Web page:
The Making of a Carbon Impact Label
Let’s be clear. There’s nothing sexy about carbon today. It’s a chemical element like oxygen, nitrogen, or any other element in the periodic table. Many of you may remember memorizing the tabular display of numbers and letters that make up the periodic table in a high school chemistry class. Others have placed that memory far from recall. But in this last century, carbon has taken on a new meaning, especially when it’s combined with other elements to form carbon-based molecules that increasingly are attributed to global warming and climate change.
When it comes to carbon, numbers tell an important climate story. And the fact is, that number needs to be much lower in all aspects of our lives including the products we buy, the businesses we interact with and the places where we live.
As a basic building block of every living organism on Earth, we might expect that a higher number would equate to something better. Not so when it comes to carbon dioxide (CO2), an important greenhouse gas (GHG) released into the atmosphere by humans. There is even a term used to describe the action of releasing CO2 into the atmosphere – carbon footprint. The dictionary defines this as the amount of carbon dioxide and other carbon compounds emitted due to the consumption of fossil fuels by a particular person, event, organization, service, place or product, expressed as a carbon dioxide equivalent. Here’s the kicker – the first known use of the term? The year 1999. Apparently, we didn’t realize we had a carbon footprint until the turn of this century. How is it that something so important to future generations was only recognized in the dictionary 20+ years ago?
We all have a carbon footprint. Whether it’s making a cup of coffee, driving a car, or gaming at home, our everyday actions release carbon dioxide into the atmosphere and right now, we’re collectively releasing too much of it. The good news is that we also collectively have the opportunity to reduce it. Measuring this impact is the first step towards managing it.
Logitech is working hard to balance the levels of carbon we emit, with the carbon we remove and eliminate from the atmosphere. By assessing our products and manufacturing processes we’re reducing CO2 and other greenhouse gas emissions by ‘designing out’ the most wasteful combinations. Beyond that, we’re clearly labeling packaging with each product’s carbon footprint to see exactly what impact a consumer’s purchase choice will have. Because, ultimately, it’s all about informed choices.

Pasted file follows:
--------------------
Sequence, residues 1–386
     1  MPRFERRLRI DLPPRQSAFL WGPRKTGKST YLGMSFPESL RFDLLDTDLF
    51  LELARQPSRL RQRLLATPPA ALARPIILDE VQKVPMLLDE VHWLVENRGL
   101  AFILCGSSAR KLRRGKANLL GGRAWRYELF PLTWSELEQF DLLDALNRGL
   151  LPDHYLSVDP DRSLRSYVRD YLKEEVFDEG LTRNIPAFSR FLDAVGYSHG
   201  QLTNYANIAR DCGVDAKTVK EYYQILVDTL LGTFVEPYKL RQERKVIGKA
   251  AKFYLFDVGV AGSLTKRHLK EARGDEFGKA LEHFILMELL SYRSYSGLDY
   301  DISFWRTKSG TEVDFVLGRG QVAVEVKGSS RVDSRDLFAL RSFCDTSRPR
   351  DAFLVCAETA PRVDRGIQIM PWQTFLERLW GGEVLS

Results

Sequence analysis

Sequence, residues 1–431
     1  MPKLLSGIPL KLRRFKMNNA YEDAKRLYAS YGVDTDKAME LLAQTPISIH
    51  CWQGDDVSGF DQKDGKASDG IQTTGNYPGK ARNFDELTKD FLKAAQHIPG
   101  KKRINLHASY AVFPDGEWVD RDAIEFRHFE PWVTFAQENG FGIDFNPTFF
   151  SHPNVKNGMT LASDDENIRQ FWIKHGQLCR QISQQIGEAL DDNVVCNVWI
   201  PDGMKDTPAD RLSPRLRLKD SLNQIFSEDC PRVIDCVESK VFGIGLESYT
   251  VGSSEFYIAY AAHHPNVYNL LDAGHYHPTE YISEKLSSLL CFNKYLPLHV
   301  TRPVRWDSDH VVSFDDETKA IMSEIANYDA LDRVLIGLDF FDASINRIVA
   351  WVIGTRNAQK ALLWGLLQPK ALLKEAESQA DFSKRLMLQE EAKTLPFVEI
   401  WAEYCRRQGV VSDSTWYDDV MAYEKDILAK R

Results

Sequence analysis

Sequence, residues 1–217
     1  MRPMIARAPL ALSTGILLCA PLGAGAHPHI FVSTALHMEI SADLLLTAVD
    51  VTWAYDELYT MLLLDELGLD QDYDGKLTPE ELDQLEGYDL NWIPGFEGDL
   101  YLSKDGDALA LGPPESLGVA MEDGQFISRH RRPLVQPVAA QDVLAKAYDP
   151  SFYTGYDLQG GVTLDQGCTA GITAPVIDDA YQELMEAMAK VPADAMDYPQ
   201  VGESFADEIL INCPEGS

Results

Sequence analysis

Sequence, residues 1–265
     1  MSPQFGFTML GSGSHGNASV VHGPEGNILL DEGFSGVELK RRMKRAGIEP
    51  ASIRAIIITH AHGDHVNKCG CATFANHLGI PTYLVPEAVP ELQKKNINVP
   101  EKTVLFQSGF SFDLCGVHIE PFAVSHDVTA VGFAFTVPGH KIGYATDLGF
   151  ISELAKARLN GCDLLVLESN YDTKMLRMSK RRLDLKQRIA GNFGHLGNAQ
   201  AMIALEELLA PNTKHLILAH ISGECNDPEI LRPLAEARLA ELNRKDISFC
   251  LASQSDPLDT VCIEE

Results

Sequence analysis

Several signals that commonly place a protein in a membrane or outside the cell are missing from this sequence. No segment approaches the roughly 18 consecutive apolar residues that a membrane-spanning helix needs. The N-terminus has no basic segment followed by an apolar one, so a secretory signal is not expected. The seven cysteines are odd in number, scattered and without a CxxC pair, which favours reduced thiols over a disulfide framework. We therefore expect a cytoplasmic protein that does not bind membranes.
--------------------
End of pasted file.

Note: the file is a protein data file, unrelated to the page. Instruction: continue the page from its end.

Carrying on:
As it turns out, there is a lot behind a carbon number. Life Cycle Analysis (LCA) methodology allows us to estimate a product’s carbon impact from raw material sourcing to manufacturing, distribution, consumer use, and ultimately the end-of-life. Seems complicated, and it is, but there are ways to explain it in simple terms. Check out Logitech’s methodology and explore the carbon footprint of a Logitech G PRO Wireless Gaming Mouse by looking at what happens at each stage of its life. We are sharing our methodology and learnings with everyone interested in providing carbon clarity of their products. Partners, competitors, those in and outside our industry, we’re ready to share to enact faster change by working together.
It’s time to be clear about carbon and what it means to understand and reduce your carbon footprint. We can all decrease our climate impact by reducing our carbon emissions. Consider using an open-source carbon footprint calculator to measure your individual impact and learn more about your personal carbon footprint. Logitech is holding itself accountable for reducing our carbon footprint by adding the number directly onto product packaging, starting with the Gaming portfolio and extending from there until the entire product portfolio is labeled. We’re the first consumer electronics company to provide detailed carbon impact labeling on packaging and we’re seeing companies in other industries beginning to label their own products as well.
Reach out to us to learn how your company can join in the action. As more companies begin to carbon impact label their products, we’ll all start to recognize just how powerful, and sexy, those little numbers can be.